Seven Color Rainbow Pencil

Another multicolor core pencil, this one has a black body and more defined colors in the core. Instead of a swirl of colors, this core has seven color sticks blended together into one. Writing or drawing with it while rotating it ever so slightly will create a fun rainbow of colors condensed into one line. This pencil looks better than the other one, (In my opinion), and creates a similar effect.

Combo: General’s Blending Tortillion and General’s Charcoal Pencil

A charcoal pencil can be fun on it’s own, but if you make some kind of mark, say a circle, with the charcoal, you can use the tortillion to blend the charcoal in or out, and it makes a very clean smudge! The picture above shows how you can use it for smooth shading, and how it can help add depth to a picture! The tortillion is a amazing alternative to a finger, as you will not be putting silver or black fingerprints all over, and it makes a smoother gradient. Try it out, and play around with it!

That’s it for fun pencils! You can get these at CW Pencil Enterprises and buy them individually or in bulk, except for Onyx+Green and General’s Charcoal and tortillion (this link is not for General’s), which I linked on Amazon. I hope you get some pencils and enjoy them.

Onyx+Green HB Recycled Newspaper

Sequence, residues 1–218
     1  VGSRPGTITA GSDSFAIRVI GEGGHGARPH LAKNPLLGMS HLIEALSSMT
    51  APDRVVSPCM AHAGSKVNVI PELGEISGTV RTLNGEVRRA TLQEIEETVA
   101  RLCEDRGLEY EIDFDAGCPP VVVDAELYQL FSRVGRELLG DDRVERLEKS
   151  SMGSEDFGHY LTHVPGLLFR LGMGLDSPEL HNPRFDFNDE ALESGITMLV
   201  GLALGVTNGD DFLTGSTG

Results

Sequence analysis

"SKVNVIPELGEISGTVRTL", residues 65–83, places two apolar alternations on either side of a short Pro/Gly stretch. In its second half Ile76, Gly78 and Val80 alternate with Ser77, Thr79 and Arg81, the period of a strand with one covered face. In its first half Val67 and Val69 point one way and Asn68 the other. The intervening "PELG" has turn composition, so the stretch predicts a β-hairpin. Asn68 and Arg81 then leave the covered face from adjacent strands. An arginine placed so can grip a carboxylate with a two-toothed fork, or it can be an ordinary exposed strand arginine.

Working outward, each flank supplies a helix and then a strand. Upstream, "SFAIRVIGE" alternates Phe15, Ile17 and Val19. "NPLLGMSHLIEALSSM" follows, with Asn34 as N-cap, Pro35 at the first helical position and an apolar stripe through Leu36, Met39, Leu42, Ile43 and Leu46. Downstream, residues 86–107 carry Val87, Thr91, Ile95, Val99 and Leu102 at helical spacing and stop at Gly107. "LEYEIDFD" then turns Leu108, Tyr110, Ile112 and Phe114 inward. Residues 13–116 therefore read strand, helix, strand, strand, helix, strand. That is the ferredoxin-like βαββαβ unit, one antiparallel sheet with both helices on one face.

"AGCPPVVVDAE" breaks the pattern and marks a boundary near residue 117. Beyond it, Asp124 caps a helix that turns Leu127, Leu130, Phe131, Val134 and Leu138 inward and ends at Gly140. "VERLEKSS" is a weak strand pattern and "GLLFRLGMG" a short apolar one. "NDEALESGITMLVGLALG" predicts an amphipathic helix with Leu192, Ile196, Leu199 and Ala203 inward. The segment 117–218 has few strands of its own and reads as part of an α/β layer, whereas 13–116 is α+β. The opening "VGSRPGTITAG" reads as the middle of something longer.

The Onyx+Green HB Recycled Newspaper pencil is my personal favorite. A 10 pack is available here on Amazon. At about $1, I don’t have much to say about this pencil. It is simple, with a glossy newspaper reminiscent round body printed in white with the words “Onyx+Green, HB” and their logo, a leaf. The ferrule is a simple silver, holding in a white eraser. It writes like a normal HB pencil, making slightly sharper lines than a Ticonderoga. The magic comes when you sharpen the pencil, though. It is made of recycled newspaper, as the name implies, wrapped again and again around the graphite core. This creates an effect when the pencil is fully sharpened where it appears that there are many lines of different colors, which looks, frankly, awesome. It also feels good to sharpen. Overall, I give this pencil five stars, for performing well and looking even better. I recommend it to anyone looking for a solid writing pencil, not too expensive, that looks really cool and is fun to show off.

Bonus: It also works well for shading.

Viarco Art Graf Soft Carbon Water Soluble Pencil